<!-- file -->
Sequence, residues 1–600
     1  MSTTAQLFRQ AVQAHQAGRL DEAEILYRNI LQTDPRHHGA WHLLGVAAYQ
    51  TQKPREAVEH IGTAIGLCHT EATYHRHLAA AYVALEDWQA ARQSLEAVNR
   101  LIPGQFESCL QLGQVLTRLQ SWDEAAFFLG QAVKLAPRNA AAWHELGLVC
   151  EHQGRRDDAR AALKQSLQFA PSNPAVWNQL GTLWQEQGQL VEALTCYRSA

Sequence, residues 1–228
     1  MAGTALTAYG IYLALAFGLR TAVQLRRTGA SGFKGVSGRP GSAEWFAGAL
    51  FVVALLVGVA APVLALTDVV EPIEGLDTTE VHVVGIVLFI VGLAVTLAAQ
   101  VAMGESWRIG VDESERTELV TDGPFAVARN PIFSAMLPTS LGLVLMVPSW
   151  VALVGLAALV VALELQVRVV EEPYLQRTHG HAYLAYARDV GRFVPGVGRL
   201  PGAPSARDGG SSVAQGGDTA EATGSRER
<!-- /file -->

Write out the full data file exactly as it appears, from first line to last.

Sequence, residues 1–600
     1  MSTTAQLFRQ AVQAHQAGRL DEAEILYRNI LQTDPRHHGA WHLLGVAAYQ
    51  TQKPREAVEH IGTAIGLCHT EATYHRHLAA AYVALEDWQA ARQSLEAVNR
   101  LIPGQFESCL QLGQVLTRLQ SWDEAAFFLG QAVKLAPRNA AAWHELGLVC
   151  EHQGRRDDAR AALKQSLQFA PSNPAVWNQL GTLWQEQGQL VEALTCYRSA

Sequence, residues 1–228
     1  MAGTALTAYG IYLALAFGLR TAVQLRRTGA SGFKGVSGRP GSAEWFAGAL
    51  FVVALLVGVA APVLALTDVV EPIEGLDTTE VHVVGIVLFI VGLAVTLAAQ
   101  VAMGESWRIG VDESERTELV TDGPFAVARN PIFSAMLPTS LGLVLMVPSW
   151  VALVGLAALV VALELQVRVV EEPYLQRTHG HAYLAYARDV GRFVPGVGRL
   201  PGAPSARDGG SSVAQGGDTA EATGSRER